ImageHandler
Photo by New Jersey wedding photographer Margaret J. Cotton

1.    What’s Your Style? -  Does the videographer specialize in a cinematic or documentary style or perhaps a mixture of both?
2.    How Many Weddings Have you Done? – Make sure the videographer is experienced in shooting weddings of your size and ask to see samples of their work (reputable videographers should have a myriad of samples for potential clients to review).
3.    How Do you Coordinate with the Photographer – The photographer and the videographer will need to work closely together to ensure they can each deliver stunning results without getting in each other’s way.
4.    Have you Shot a Wedding at My Ceremony/Reception Venue? – If so, ask the videographer to see the video to get a sense of how they performed at the particular site.
5.    Are you Shooting Any Other Weddings the Same Day or Weekend? – You’ll want to make sure that there are no scheduling conflicts or time constraints that could interfere.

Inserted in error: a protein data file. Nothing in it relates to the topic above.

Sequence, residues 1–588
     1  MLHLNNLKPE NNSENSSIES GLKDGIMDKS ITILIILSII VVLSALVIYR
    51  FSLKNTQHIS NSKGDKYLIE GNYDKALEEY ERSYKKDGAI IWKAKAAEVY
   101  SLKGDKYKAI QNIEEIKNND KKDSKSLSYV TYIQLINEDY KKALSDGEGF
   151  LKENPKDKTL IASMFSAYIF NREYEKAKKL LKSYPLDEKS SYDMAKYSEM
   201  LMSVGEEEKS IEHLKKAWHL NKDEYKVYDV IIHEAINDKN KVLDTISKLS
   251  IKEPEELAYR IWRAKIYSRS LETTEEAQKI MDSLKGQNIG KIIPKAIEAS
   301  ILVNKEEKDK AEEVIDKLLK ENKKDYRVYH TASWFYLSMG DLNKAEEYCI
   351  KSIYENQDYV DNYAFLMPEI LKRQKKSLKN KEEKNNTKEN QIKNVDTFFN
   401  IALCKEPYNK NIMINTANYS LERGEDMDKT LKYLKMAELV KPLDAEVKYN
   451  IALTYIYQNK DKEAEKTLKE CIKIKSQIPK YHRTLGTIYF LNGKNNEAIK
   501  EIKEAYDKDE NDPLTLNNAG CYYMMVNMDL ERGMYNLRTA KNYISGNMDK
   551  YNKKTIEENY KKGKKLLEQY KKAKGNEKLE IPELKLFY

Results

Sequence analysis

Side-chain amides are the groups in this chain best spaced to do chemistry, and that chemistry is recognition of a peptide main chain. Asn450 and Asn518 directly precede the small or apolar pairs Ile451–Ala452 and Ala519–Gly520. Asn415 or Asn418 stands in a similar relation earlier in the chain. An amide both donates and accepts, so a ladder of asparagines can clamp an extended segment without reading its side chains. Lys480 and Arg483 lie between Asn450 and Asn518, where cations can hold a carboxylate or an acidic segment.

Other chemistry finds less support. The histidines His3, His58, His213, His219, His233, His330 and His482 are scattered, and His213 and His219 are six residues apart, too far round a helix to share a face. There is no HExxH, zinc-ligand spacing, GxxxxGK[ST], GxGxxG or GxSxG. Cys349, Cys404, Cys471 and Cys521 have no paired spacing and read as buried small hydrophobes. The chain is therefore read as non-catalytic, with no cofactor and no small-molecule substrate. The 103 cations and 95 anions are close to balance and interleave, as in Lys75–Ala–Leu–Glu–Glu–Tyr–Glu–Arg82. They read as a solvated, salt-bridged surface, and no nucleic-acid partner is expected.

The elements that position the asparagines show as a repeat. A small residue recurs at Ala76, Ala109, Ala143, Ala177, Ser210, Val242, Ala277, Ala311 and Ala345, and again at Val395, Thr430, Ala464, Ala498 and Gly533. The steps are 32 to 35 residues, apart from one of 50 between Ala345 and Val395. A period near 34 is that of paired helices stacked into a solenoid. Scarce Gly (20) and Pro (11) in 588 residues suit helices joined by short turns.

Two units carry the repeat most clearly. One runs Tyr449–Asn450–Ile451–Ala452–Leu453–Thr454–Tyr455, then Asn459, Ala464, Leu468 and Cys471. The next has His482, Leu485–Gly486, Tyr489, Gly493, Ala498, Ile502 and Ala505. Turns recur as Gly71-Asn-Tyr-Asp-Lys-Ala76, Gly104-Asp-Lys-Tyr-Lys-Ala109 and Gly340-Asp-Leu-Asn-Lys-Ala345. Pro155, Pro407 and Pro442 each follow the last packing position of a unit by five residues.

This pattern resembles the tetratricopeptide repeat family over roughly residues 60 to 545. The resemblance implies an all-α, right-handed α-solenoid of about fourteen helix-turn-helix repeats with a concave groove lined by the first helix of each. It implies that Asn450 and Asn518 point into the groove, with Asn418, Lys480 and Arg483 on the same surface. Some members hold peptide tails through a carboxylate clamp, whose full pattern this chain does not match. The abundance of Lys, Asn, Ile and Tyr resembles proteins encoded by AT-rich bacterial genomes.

6.    Will You Be Shooting the Wedding? – Make sure the videographer you are actually talking to will be shooting your wedding and won’t be sending an assistant or other videographer.
7.    What Type of Equipment Do You Use? – Find out how new the videographer’s equipment is and ask if they can explain in layman’s terms how it all works.
8.    How Intrusive is the Equipment? – If your ceremony venue is more of an intimate space, make sure you find out how much space the videographer will need and how bright of a light will be used.
9.    Will You Have Backup Equipment? – Make sure the videographer has backup equipment in case the there is a problem with the original equipment.
10.     How Do you Charge? – Does the videographer offer packages or charge hourly?  Request a price list and make sure you nail down the cost of what you want before you sign a contract!